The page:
Lesser, but still worrying, tensions between the government and media were evident in Argentina, Uruguay, Ecuador and Bolivia.

In Argentina, government officials continued to arbitrarily classify journalists and media outlets as friends or enemies, and use the placing of government advertising to support the one and punish the other. A bill to regulate the placing of government ads languishes in Congress. President Kirchner in public statements, and the Senate in a resolution on the specific case of the killing of a businesswoman in Río Cuarto, Córdoba, continue to poison the public atmosphere by harshly attacking the press.

Ecuadorian President Rafael Correa, responding to a press release published by the newspapers that claimed that various government agencies had violated the Constitution, has attacked the members of the Ecuadorian Association of Newspaper Editors, calling them “corrupt,” “immoral,” and “mafia advocates.” He has also organized mass demonstrations to harass the media.

A climate of fear created by such accusations has extended to Bolivia, too, where President Evo Morales manipulated mass street protests that included among its targets the private media. The creation of a network of community radio stations along the Venezuelan model, as well as vague censorship proposals circulating in the Congress, have added to the concerns.

Along those same lines, Uruguayan President Tabaré, his secretary, his ministers, ruling-party members of Parliament, and even the first lady have accused various media outlets of carrying out “conspiracies” and “plots” against the government, though they offer no evidence that such things exist.

 They also charge the media outlets with “playing dirty,” “cheating,” “swindling,” “distorting,” and “telling nasty lies” by running certain news stories; with waging a “silent struggle” against the government with the “political objective” of weakening it; and with coordinating the simultaneous publication of news items as part of an “escalation orchestrated by the right wing and its media outlets against the government.” This includes public calls for “waging a fierce battle on all fronts” within the reach of pro-government forces. A report by the journalists’ union “revealed a lack of transparency in the placement of government advertising and obstacles in gaining access to public records.” The report also showed that media outlets identified as pro-government were receiving favorable treatment, to the detriment of the independent and critical press.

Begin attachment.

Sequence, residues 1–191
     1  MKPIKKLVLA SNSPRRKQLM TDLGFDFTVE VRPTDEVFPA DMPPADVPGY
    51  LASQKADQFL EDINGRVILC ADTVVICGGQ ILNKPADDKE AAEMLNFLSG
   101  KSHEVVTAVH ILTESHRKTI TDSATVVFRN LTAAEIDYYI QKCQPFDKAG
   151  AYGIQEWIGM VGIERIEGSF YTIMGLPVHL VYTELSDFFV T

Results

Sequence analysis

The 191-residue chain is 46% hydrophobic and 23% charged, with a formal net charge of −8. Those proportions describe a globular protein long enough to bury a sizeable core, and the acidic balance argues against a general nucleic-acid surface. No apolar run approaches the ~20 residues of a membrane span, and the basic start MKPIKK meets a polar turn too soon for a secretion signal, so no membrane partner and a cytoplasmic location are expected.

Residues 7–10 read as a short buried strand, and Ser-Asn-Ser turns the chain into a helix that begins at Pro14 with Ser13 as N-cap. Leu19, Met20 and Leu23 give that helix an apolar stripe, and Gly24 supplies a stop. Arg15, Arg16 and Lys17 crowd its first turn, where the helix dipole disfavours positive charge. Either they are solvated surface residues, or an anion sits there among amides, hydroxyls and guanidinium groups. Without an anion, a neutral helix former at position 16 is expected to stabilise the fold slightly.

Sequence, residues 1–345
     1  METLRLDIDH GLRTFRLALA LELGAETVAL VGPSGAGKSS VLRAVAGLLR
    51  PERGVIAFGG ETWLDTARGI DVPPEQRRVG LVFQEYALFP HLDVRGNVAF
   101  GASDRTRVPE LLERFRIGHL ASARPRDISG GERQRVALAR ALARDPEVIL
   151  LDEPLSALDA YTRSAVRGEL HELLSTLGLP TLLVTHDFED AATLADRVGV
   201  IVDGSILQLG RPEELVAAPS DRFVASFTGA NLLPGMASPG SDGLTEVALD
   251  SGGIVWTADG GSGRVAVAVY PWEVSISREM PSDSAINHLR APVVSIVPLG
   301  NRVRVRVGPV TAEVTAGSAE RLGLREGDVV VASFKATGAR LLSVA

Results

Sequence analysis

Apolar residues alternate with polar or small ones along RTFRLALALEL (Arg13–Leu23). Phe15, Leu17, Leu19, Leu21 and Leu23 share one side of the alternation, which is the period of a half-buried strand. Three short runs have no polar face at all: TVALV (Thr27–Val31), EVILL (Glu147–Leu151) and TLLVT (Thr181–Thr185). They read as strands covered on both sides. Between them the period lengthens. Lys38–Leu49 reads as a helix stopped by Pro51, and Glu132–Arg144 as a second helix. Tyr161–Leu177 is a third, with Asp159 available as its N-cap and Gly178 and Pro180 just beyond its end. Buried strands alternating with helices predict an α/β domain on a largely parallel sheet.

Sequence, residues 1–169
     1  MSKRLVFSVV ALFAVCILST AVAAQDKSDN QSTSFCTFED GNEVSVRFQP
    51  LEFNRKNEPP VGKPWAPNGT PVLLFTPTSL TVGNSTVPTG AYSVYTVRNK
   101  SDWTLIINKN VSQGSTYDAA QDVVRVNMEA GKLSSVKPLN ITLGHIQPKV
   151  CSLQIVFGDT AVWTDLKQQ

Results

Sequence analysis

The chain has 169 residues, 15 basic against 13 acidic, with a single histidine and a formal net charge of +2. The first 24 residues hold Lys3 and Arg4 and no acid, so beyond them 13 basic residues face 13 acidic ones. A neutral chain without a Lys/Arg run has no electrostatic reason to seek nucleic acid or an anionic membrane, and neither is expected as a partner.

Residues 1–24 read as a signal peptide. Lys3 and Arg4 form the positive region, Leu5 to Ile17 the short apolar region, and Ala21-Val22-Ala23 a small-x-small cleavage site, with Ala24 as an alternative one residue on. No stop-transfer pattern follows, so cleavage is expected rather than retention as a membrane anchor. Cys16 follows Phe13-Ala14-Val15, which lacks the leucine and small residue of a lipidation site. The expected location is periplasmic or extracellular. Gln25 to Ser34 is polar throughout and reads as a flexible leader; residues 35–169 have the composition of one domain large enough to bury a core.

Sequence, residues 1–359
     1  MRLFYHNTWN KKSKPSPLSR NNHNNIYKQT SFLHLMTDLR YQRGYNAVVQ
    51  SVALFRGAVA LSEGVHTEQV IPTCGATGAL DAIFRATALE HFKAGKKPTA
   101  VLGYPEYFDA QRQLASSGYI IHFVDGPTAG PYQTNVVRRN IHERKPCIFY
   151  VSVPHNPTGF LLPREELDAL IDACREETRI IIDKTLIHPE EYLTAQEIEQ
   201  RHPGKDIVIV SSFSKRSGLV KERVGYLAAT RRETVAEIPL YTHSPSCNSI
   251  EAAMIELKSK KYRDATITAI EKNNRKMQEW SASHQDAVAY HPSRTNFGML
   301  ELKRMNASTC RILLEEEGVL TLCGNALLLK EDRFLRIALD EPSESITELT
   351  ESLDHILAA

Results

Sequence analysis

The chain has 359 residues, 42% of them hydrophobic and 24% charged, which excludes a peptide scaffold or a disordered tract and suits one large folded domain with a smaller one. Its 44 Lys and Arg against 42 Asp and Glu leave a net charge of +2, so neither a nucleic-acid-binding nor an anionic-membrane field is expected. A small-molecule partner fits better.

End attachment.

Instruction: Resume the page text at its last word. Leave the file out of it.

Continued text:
In Nicaragua, President Daniel Ortega promised not to repeat the censorship of his first government in the 80s, a welcome sign.  But then he put control over the governments ad spending in the hands of his wife, Rosario Murilllo, as head of communications.  Early reports from her staff exaggerating past spending in the leading private news outlets have raised concerns of what that might signal is coming.

In many other countries, the battles of the last six months were mostly in the courts. Brazil and Colombia witnessed court orders of prior restraint, while in Peru and many other countries the issue was more one of access to information. In countries such as Panama and Paraguay, libel suits brought by public officials against journalists sought to discourage aggressive reporting.

In Panama alone, 33 reporters face libel suits, most by officials. No progress has been made in decriminalizing such crimes as difamación (defamation), calumnia (falsely accusing someone of a crime) and injuria (maliciously insulting or dishonoring someone). On March 2, the Mexican legislature just completed its work on such a measure, but the process is not yet over. 

In the United States, concern continues over the confidentiality of sources. Proposals for a federal shield law have gotten nowhere, despite the recent jailing of journalists there and the growing pressure from prosecutors on journalists to testify in court cases.

In Guyana, the government reverted to pulling ads from a private paper because of critical coverage.